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Bone development of suckling piglets after prenatal, neonatal or perinatal treatment with dexamethasone

Śliwa, E., Dobrowolski, P., Piersiak, T.
Journal of animal physiology and animal nutrition 2010 v.94 no.3 pp. 293-306
birth weight, blood serum, bone density, bone mineralization, compensatory growth, dexamethasone, dual-energy X-ray absorptiometry, limb bones, mechanical properties, mineral content, mineralization, neonates, osteocalcin, piglets, pregnancy, ribs, risk, skeletal development, skeleton, sows, suckling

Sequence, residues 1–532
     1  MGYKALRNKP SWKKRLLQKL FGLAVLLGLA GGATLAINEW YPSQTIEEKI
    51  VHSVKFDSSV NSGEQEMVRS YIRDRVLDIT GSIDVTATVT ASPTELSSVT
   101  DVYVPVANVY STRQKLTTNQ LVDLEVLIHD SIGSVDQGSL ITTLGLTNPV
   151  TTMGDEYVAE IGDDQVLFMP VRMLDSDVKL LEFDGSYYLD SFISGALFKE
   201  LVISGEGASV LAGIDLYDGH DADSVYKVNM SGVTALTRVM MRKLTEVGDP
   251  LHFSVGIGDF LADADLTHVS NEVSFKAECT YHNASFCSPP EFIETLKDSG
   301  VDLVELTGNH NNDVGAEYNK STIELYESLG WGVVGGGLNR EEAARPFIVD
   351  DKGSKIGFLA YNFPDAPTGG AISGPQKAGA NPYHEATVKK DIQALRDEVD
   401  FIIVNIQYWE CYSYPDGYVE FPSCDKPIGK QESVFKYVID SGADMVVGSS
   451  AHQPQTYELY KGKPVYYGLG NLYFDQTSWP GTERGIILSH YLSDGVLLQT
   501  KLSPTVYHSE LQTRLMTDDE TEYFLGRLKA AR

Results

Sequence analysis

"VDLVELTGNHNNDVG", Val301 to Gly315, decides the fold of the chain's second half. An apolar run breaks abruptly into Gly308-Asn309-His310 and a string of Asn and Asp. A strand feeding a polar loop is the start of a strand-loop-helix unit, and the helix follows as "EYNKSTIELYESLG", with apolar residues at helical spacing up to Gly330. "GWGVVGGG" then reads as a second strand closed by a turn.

In mammals, the release from growth-inhibiting conditions results in catch-up growth. To investigate animal evidence for whether prenatal dexamethasone (DEX) treatment leads to the development of growth restriction especially reduced mineralization of skeleton, and release from it leads to the phenomenon of catch-up, piglets were prenatally exposed to DEX (3.0 mg/sow per day⁻²) during the last 24 days of prenatal life and tested further in two different ways: discontinued at birth and continued administration of DEX (0.5 mg/kg day⁻²) to piglets through 30 days of neonatal life. Using dual energy X-ray absorptiometry methods, bone mineral density (BMD) and bone mineral content (BMC) were measured. The three-point bending test was applied to determine the mechanical properties of the bones. Furthermore, geometric properties of the bones were assessed. Serum concentration of osteocalcin (OC) was determined. Histomorphological analysis of the ribs was also performed. The consequences of neonate DEX treatment and in utero DEX exposure were reflected in a dramatic decrease of BMD, BMC and blood serum OC concentration and geometric parameters of piglets' bones. Prenatal action of DEX during the last 24 days of pregnancy resulted in continued neonatal modification of bone tissues, thus diminishing bone quality, and negatively influenced structural development and mechanical properties, finally increasing the risk of fractures of ribs and limb bones. Prenatal DEX treatment limited to the last 24 days of foetal life did not reduce the term birth weight and the growth of suckling piglets followed up to 30 days of neonatal life, and catch-up in bone mineralization did not occur.